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Stanford humanities scholars tell us what they’re reading this summer

Beyond their research activities, Stanford humanities scholars make time for leisure reading over the summer break. Here, a few of them share what they’re carrying in their beach bags.
 
If you want to do some vicarious traveling, you may be interested in Graham Robb’s The Discovery of France (Norton, NY 2007), which is on linguistics professor Eve Clark’s reading list for the summer. The book examines how dialects in France evolved into one French language during the 19th century as the railway system brought people into closer proximity. “A new way to view history that is highly engaging,” Clark says.
 
Lisa Surwillo, Associate Professor of Iberian and Latin American Cultures, will be reading three novels this summer – Sandra Cisnero's The House on Mango Street, Bram Stoker's Dracula, and Greg Grandin's The Empire of Necessity. The last book, Surwillo says, “draws together history of Spanish America and the United States through the frame of Melville's literary works.”
 
History professor Joel Beinin plans on reading by Elias Khoury’s epic novel Gate of the Sun, about the Palestinian experience since 1948. The intense narrative interweaves a love story, history, and political commentary.
 
Fans of undead lore might consider The Walking Dead, Compendium 1, a massive collection of graphic novels that inspired the AMC hit zombie show (produced by Stanford alum Gale Anne Hurd) and the main attraction on screenwriting lecturer Adam Tobin’s summer reading list.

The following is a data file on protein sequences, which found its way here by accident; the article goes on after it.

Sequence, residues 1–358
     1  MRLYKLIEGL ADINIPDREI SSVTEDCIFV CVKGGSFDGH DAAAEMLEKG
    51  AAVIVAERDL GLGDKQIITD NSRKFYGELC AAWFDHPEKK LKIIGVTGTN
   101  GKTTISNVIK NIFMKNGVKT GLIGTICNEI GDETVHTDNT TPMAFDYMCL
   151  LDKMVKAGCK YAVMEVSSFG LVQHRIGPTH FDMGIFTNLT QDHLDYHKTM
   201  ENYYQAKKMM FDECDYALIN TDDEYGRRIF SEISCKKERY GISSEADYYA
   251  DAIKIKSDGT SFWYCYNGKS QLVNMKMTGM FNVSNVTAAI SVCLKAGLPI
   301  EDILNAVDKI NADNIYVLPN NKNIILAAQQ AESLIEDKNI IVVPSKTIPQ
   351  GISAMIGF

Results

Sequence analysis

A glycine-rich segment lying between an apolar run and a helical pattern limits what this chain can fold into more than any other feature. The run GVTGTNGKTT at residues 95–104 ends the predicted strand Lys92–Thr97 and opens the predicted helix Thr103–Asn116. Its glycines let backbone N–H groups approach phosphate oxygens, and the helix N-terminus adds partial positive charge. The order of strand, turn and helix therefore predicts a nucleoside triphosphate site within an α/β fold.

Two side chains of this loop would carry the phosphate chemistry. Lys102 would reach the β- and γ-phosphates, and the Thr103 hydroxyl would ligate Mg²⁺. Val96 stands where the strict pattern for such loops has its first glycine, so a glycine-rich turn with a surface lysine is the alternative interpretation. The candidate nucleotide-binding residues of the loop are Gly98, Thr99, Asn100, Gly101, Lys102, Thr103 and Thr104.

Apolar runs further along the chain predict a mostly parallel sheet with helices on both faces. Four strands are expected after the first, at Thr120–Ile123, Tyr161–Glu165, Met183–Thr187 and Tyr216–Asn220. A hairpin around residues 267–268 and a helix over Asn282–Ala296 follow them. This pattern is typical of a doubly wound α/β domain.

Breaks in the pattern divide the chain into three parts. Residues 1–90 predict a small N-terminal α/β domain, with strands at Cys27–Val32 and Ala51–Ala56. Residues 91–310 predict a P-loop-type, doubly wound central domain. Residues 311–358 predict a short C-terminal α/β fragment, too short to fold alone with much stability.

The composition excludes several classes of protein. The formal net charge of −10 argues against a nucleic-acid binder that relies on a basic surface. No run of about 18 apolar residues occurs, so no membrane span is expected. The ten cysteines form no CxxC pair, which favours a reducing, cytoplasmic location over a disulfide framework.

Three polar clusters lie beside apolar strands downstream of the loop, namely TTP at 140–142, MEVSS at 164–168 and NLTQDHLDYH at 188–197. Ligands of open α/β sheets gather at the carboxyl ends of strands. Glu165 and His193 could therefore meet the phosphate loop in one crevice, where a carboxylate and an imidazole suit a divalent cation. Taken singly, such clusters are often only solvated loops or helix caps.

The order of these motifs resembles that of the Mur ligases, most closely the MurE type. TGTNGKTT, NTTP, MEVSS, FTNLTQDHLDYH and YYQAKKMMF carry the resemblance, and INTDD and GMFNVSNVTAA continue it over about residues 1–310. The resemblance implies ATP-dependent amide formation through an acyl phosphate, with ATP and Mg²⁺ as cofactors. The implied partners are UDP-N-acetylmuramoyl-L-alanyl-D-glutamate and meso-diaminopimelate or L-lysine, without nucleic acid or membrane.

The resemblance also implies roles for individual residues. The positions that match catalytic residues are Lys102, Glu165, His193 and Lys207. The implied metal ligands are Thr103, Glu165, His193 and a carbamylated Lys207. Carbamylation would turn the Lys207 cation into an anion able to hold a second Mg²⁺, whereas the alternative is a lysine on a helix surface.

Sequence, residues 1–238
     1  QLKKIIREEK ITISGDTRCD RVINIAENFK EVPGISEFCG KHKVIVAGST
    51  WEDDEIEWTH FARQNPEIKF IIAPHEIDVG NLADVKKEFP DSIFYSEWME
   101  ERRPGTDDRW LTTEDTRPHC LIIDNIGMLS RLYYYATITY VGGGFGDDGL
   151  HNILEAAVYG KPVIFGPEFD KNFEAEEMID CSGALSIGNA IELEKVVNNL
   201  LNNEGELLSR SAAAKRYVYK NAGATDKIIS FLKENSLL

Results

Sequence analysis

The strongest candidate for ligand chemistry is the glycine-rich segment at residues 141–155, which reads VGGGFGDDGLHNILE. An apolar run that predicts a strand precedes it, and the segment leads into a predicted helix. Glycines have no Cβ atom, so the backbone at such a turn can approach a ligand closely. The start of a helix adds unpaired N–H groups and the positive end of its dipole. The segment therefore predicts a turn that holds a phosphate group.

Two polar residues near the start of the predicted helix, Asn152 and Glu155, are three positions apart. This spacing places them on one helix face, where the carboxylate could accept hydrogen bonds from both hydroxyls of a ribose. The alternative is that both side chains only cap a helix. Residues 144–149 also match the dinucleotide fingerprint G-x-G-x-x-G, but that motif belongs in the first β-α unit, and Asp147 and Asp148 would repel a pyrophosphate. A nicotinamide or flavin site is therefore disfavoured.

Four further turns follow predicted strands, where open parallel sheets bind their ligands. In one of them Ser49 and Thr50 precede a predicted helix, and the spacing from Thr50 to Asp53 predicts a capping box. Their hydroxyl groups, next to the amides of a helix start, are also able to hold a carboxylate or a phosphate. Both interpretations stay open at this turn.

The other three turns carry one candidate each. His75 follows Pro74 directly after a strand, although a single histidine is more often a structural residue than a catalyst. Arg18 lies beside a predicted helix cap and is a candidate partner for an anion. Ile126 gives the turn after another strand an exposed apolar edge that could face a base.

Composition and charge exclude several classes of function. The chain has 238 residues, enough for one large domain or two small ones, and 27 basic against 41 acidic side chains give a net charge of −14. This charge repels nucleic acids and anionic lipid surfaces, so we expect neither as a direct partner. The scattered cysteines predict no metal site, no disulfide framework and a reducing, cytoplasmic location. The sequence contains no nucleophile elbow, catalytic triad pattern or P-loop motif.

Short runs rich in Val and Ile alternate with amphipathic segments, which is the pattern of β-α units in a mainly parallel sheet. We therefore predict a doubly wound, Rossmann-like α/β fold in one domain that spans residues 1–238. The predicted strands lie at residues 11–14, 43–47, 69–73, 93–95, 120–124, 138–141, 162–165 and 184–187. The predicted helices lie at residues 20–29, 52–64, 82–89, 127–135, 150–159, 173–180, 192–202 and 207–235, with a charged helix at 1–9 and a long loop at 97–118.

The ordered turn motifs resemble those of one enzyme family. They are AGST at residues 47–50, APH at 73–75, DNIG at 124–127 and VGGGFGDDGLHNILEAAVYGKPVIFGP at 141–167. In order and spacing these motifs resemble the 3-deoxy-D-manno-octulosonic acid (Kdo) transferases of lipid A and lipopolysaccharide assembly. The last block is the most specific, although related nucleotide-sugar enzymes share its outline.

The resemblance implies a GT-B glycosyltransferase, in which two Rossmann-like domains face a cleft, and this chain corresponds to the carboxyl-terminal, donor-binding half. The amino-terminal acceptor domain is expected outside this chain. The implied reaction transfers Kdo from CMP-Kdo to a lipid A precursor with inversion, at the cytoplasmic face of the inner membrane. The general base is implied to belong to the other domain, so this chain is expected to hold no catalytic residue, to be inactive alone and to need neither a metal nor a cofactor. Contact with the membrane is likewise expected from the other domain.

On a lighter note, Scott Bukatman, Professor in Art & Art History, plans on filling his summer reading list with simply “a whole bunch of comics.”
 

Works by Stanford writers

Acclaimed author Richard Powers who teaches in Stanford’s English department published his latest novel Orfeo earlier this year. In Orfeo, Powers intertwines the subjects of music, genetics, and government surveillance to ask big questions about what art should and should not be allowed to make.
 
Another great option if you’re looking for a novel to lose yourself in is A Constellation of Vital Phenomena by Stanford lecturer and former Stegner Fellow Anthony Marra. Marra’s debut novel, about a father searching for his daughter in war-torn Chechnya, received the Anisfield-Wolf Book Award earlier this year.
 
We could put together an entire reading list comprising fiction and poetry works by Stanford Stegner Fellows, including NoViolet Bulawayo’s novel We Need New Names about a young girl’s journey from Zimbabwe to America. Bulawayo’s book received the 2014 PEN/Hemingway Award for Debut fiction and was shortlisted for the Man Booker Prize last year. For poetry and fiction suggestions, check out the list of current and former Stegner fellows and their publications
 
If you need even more beach reading inspiration, check out the special summer edition of Philosophy Talk, the weekly radio show hosted by Stanford philosophers Ken Taylor and John Perry. In their “Summer Reading” episode, Taylor, Perry, and their guests offer summer readings suggestions with a philosophical twist, like Thomas Piketty’s Capital in the 21st Century.